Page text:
The current struggles with inflation encompass some of the highest rises in living memory, but current rises pale in comparison to the exceptional case of the year 1800 when inflation reached a dizzying 36% in Britain. This is the highest known figure in British history.

The explanation given for this incredible rise was that the 20 years of Napoleonic Wars had drained the country’s resources and an ever-increasing demand provoked by the industrial revolution. The economy struggled to supply ample arms, food and fuel to the army and navy, and shortages emerged across all sorts of everyday goods. This drove up the price of clothing, beverages, candles, coal, animal meat, dairy and cereals so that the common person dealt with rises across most of the items they would ever seek to purchase.

Such goods had been increasing in price for decades as an increase in population and a decrease in mortality rate meant an increase in demand. Given the incredible rises, wages struggled to keep up, so how did the government analyse the situation at the time?

Extract from a letter written from the Office for Trade at Whitehall: ‘…a mob of people (I think mostly boys)…with a band of musick…shouting Bread! Bread!’ Photo credit: British Library

Correspondence to Earl of Liverpool from the Office for Trade offers an insight into the tension on the streets. The Office representative describes crowds of people at Bishopsgate protesting about the price of bread, gathering and shouting in the streets of London.

Further correspondence (below) to the Earl describes the mood of the country at large.

Extract from a letter from London dated October 23, 1800, to Lord Liverpool – ‘The Present dreadful alarm spread with the uttermost industry…it spreads a spirit of discontent and inspires among the lower orders a shocking desire to mobbing, murder and plunder…the rising prices of the prices of the necessities of life…’ Photo credit: British library

There are various pleas to control prices, both in the Liverpool Papers and in correspondence to Prime Minister William Pitt, the Younger, including pleas about the spiralling cost of meat and the price of salt needed for fishermen wishing to conserve fish. As well as petitions from various industries, one can also see an increasing ideological battle over the right course of economic actions.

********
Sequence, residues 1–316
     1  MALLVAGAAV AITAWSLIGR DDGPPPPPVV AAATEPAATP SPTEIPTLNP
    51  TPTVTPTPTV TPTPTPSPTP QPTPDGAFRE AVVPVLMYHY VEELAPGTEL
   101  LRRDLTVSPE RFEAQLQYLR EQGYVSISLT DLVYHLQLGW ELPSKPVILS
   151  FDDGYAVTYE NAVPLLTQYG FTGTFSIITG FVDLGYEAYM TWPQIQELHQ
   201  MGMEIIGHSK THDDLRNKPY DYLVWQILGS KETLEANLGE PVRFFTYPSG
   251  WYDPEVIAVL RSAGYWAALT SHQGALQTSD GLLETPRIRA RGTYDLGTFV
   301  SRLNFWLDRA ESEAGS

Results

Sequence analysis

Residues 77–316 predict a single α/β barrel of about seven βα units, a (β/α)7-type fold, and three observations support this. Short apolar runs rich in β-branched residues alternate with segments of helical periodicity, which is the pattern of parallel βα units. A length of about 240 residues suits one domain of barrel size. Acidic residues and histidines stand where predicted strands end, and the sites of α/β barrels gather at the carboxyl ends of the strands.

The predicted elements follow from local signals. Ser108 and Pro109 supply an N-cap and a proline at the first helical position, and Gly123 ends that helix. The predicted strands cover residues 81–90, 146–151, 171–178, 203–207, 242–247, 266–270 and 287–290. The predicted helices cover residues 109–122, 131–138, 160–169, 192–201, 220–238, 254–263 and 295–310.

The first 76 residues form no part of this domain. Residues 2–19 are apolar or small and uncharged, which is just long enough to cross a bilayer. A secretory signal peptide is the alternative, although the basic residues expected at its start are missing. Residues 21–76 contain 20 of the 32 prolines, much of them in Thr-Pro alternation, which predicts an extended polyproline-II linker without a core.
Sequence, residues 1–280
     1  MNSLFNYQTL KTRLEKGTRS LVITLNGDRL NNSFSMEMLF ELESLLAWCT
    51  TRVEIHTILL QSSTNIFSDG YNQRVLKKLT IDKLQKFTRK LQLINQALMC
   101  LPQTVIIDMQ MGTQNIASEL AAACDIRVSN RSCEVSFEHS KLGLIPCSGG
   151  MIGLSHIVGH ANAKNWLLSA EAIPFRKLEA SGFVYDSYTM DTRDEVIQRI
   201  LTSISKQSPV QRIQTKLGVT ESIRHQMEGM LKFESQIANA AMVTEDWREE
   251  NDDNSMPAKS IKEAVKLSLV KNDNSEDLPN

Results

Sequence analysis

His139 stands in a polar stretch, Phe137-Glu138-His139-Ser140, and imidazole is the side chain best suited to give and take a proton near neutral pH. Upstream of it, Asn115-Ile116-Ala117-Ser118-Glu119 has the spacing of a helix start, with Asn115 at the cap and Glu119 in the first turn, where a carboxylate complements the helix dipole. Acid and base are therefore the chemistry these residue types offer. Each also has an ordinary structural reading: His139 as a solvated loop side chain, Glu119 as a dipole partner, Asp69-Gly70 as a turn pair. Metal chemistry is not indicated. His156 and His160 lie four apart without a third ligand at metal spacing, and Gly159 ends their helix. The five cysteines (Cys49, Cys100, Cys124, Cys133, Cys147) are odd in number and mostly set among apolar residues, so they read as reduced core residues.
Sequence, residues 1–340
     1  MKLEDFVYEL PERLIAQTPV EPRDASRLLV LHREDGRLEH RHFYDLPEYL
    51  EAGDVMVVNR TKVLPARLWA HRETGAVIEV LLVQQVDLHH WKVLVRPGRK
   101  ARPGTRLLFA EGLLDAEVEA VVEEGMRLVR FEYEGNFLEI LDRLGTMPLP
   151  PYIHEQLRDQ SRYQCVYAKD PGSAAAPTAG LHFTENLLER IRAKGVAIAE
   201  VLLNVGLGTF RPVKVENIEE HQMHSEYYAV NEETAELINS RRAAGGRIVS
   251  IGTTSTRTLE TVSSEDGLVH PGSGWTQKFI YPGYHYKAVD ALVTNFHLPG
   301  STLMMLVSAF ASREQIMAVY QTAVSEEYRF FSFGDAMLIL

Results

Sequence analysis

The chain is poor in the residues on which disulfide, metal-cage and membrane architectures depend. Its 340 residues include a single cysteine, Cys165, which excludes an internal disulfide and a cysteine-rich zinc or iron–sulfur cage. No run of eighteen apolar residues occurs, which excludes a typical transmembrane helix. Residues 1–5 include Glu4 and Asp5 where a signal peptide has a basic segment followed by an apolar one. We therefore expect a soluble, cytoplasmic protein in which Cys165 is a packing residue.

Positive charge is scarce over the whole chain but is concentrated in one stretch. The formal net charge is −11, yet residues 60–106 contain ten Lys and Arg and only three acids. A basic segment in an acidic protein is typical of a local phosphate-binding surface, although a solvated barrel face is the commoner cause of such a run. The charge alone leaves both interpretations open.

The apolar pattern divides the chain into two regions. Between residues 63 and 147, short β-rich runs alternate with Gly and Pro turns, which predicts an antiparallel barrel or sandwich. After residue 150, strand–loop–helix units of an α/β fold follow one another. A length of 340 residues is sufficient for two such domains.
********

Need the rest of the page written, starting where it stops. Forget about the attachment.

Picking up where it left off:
Two members of the House of Lords, Lord Buckingham and Lord Grenville, wrote to Pitt about the inflation crisis, warning the prime minister not to attempt to bring in legislation to reign in prices.

Lord Buckingham and Lord Grenville wrote to Pitt about the inflation crisis: ‘We must [choose] between a free, unchecked and uncontrolled trade in grain flour and bread; or we must undertake to regulate it…which cannot exist in this country with its constitution, or its prosperity as a commercial people’. Photo credit: British Library

In the letter above, Lord Buckingham states that the best that can be achieved is to “regulate a measure but which all grain and flour shall be sold”, but there should be no attempt to then control market prices.

Lord Grenville agrees and even provides some inspiration for his principles in Adam Smith’s Wealth of Nations, which had been published 24 years earlier. Lord Grenville describes how he and Pitt were sceptical to the theory of the free market, but ultimately came around to it.

Letter from Lord Grenville: ‘I am confident that provisions like every other article of commerce if left to themselves, will and must find their own level’. Photo credit: British Library

With the government discussing the grander narratives of economics, the population had to push through the inflation crisis. Output and growth were still up, and consequently many were making the profits needed to ride out the inflationary crisis.

Labour in the northern cities central to industrial output actually saw real wages rise, as demand for labour was so high, but the average worker in London saw their real income fall. This particular inflation crisis would be short and painful, as a massive fall in inflation in 1803 would see prices adjust, but such fluctuations would continue throughout the 19th century.

This article first appeared on the British Library’s Untold Lives Blog.